Massive and mysterious, Stonehenge has stood for 4,500 years on Salisbury Plain. Located some 90 miles southwest of London, England, the world’s most famous pre-historic monument forms just one piece of an intricate complex of ancient sites, many of which in 1986 were designated part of a UNESCO World Heritage site. Today, traffic whizzes by on the nearby A303, but the megaliths’ presence makes it easy to step back thousands of years to a much slower time with much slower transportation.
Over the last two decades, archaeologists have made huge strides in piecing together these different elements of the landscape, their relationships to each other, and what they are revealing about the Neolithic people who built them. Armed with astronomical knowledge, engineering skills, and unmovable determination, their creations succeeded in capturing people’s imaginations for millennia. (Decision over Stonehenge Tunnel sparks controversy.)
Wizards and kings
Perhaps the most famous—and fantastic—explanation for Stonehenge’s creation harkens back to Arthurian legend. The wizard Merlin allegedly transported the stones from Ireland according to Geoffrey of Monmouth’s 12th-century chronicle of British kings. Another 12th-century writer, Henry of Huntingdon, described the monument as “[s]tones of remarkable size, raised up like gates, in such a way that gates seem to be placed on top of gates. And no one can work out how the stones were so skillfully lifted up to such a height or why they were erected there.” The name Stonehenge was derived from the term Henry used to describe the monument: Stanenges, which is Anglo-Saxon for “stone gallows.”
Theories over the stones and their purpose proliferated in the 17th century. English architect Inigo Jones was convinced that Stonehenge was a Roman temple built using the principals of classical architecture. Philosopher Walter Charleton disagreed with Jones and claimed that the Vikings had built it. Scholar John Aubrey made the first thorough assessment of the site—one of the world’s first true archaeological explorations—and argued that ancient British Druids had erected the megaliths. Aubrey’s work in the 1660s uncovered 56 holes in the ground, arranged just inside a circular earthwork surrounding the giant standing stones. Today they are called the Aubrey Holes in his honor, and modern scholars believe that wooden posts once stood in them.
Work continued into the 18th century, when the scholar William Stukeley identified the Avenue, a roughly two-mile lane that connects the Avon River with Stonehenge. Like Aubrey, Stukeley considered the stone circles to have been built by Druids.In the 19th century scholars began to consider a prehistoric provenance. Based on restoration work starting in 1900, William Gowland argued for a Late Neolithic or Early Bronze Age date for the creation of the complex, a proposal that has become the basis for today’s scholarship.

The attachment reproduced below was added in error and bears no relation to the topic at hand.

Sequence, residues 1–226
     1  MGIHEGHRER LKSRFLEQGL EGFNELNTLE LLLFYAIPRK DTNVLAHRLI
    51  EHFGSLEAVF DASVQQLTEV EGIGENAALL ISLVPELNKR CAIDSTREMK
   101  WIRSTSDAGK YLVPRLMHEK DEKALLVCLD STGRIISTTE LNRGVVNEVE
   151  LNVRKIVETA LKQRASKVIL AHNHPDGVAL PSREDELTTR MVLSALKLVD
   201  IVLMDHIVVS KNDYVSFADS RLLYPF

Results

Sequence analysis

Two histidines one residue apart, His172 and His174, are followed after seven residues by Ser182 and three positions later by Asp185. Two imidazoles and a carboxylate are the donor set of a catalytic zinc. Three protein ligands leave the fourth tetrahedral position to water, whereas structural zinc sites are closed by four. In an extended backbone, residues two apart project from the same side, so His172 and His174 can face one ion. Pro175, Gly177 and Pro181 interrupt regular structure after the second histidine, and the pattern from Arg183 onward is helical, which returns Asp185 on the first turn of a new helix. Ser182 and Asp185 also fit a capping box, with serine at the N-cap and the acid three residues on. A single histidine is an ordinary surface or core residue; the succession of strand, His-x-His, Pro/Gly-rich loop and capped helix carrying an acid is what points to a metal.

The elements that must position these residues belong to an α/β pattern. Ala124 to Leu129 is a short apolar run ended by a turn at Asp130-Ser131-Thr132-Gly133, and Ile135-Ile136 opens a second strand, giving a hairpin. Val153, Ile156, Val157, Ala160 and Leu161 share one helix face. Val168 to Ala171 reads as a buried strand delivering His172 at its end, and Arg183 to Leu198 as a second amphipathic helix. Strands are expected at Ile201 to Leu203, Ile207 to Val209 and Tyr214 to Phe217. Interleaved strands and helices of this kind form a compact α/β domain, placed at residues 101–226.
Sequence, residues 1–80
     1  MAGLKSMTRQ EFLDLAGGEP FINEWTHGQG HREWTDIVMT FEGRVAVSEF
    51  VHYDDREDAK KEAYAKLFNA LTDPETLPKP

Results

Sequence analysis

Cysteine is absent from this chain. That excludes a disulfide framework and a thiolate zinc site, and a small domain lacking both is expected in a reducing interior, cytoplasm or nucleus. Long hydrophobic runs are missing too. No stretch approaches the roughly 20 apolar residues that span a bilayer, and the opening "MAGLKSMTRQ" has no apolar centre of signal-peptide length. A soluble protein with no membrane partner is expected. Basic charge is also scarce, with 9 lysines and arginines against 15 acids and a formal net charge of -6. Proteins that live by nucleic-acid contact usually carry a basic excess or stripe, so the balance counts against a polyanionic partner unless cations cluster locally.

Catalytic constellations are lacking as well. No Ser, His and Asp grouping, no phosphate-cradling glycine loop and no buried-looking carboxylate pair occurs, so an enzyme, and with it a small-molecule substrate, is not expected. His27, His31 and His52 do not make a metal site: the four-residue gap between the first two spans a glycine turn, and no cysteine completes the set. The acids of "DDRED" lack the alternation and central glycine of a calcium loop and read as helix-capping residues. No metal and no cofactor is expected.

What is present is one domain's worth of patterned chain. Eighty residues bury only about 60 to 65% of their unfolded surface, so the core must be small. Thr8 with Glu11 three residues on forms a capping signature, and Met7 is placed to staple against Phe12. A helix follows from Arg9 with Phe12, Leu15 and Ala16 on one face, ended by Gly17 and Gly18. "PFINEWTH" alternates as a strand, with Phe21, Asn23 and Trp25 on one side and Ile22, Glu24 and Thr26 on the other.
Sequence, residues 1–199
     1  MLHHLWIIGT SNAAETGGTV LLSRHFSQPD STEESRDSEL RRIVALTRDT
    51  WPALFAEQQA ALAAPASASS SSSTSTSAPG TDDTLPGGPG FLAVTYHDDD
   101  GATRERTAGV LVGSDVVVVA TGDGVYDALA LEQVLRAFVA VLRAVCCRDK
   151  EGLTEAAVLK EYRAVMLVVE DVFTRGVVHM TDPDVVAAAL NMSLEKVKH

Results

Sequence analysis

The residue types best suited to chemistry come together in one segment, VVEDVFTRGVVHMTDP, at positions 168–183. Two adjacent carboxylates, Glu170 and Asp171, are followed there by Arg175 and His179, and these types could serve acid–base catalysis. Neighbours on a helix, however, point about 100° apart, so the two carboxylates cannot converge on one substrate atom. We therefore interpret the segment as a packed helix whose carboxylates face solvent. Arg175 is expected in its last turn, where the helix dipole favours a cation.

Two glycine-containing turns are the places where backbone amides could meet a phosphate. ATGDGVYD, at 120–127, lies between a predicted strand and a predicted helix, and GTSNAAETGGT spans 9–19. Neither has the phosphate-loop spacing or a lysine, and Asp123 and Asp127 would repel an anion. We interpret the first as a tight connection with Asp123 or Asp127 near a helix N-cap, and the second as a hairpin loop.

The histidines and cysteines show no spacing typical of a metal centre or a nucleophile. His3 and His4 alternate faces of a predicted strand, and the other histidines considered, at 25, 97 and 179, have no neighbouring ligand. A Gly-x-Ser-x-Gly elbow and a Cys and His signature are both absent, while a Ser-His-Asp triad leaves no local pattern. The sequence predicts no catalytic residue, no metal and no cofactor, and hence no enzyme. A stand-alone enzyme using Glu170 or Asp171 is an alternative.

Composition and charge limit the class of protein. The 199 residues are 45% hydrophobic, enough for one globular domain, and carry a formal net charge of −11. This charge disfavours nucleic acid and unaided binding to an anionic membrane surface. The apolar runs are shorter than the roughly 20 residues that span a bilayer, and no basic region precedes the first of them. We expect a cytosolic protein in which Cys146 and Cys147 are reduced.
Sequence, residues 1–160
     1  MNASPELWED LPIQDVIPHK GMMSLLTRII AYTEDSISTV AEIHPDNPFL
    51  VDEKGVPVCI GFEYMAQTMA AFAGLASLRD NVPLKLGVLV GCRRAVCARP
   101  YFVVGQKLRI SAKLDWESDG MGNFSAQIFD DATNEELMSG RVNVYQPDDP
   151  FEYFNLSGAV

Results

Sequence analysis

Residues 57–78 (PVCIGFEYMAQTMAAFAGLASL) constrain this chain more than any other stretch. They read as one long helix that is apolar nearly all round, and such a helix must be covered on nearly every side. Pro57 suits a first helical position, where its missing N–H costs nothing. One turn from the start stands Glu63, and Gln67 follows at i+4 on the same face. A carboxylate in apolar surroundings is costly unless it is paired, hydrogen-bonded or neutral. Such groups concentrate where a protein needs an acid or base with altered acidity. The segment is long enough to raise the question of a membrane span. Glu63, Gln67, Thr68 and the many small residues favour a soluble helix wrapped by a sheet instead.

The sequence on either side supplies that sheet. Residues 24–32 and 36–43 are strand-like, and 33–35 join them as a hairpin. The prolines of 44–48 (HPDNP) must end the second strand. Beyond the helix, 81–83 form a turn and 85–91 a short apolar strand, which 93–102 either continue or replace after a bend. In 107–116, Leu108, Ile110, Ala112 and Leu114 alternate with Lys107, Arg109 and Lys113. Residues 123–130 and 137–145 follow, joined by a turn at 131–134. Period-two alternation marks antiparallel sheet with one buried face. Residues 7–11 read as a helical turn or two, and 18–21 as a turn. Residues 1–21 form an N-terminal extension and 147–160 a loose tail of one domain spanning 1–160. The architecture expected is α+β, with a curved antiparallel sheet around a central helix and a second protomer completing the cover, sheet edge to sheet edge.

The Stonehenge complex features many Neolithic siteslong the banks of the Avon River. Archaeologists believe the landscape was first regarded as special because retreating glaciers hollowed out furrows in the ground that, by coincidence, aligned with significant positions of the sun at the June and December solstices.
One of the first human-made features was the Greater Cursus, an earthwork begun around 3500 B.C. This massive trench that measures nearly two miles long and several hundred feet wide. Stukeley was the first to identify the feature, located about a half mile north of Stonehenge. The Greater Cursus’s precise purpose is unknown, but scholars believe it had a ceremonial function. (These Scottish ruins predate Stonehenge.)
First stage (3100-2935 B.C.)
Work on the iconic stone circles began centuries after the Greater Cursus, around 3000 B.C. The earliest section was an outer circular earthwork, formed by a moat and two embankments on either side. The central horseshoe made of trilithons (two upright stones topped by a lintel) and the surrounding outer ring of stones were completed around 2500 B.C. These giant building blocks, called sarsens, are sandstone. Weighing around 25 tons each, they were quarried only about 20 miles from where they are today. The 80 smaller slabs of dolerite bluestone standing alongside them came from much farther away: western Wales, a distance of about a 140 miles.
Moving the stones
The first stones believed to be erected at Stonehenge also traveled the farthest to get there. Archaeologists discovered that the bluestones, each weighing around four tons, were brought to Stonehenge from the Preseli Hills of southwestern Wales—a journey of more than 140 miles by land. The theory was first proposed as early as the 1920s, and geological research undertaken in the 2000s has conclusively pinpointed the exact location of the quarries, called Carn Goedog and Craig Rhos-y-felin, where the stones were excavated.
Scholars are still debating how the bluestones actually got from Wales to the Salisbury Plain. One theory, now discredited, was that glaciers had borne the stones and deposited them in England; most scholars now agree that people transported them. The question of how, and whether by land or by water, remains to be answered. Some propose the stones could have been floated along the coastline and then up through waterways to reach the Avon River before being hauled to the Stonehenge site. Others believe the Welsh stones were loaded on to sleds and dragged overland, perhaps as a public display meant to impress. (From Angkor Wat to Stonehenge: Here's how ancient people moved giant stones.)
Scholars aren’t certain why these particular stones were chosen for the site or why people went to such great effort to move them from Wales to England. Recent isotope analysis of human remains uncovered at Stonehenge indicated that people from the same region as the bluestones were buried on the Salisbury Plain, leading some to believe they may have been the workers who quarried and escorted the bluestones to their new home.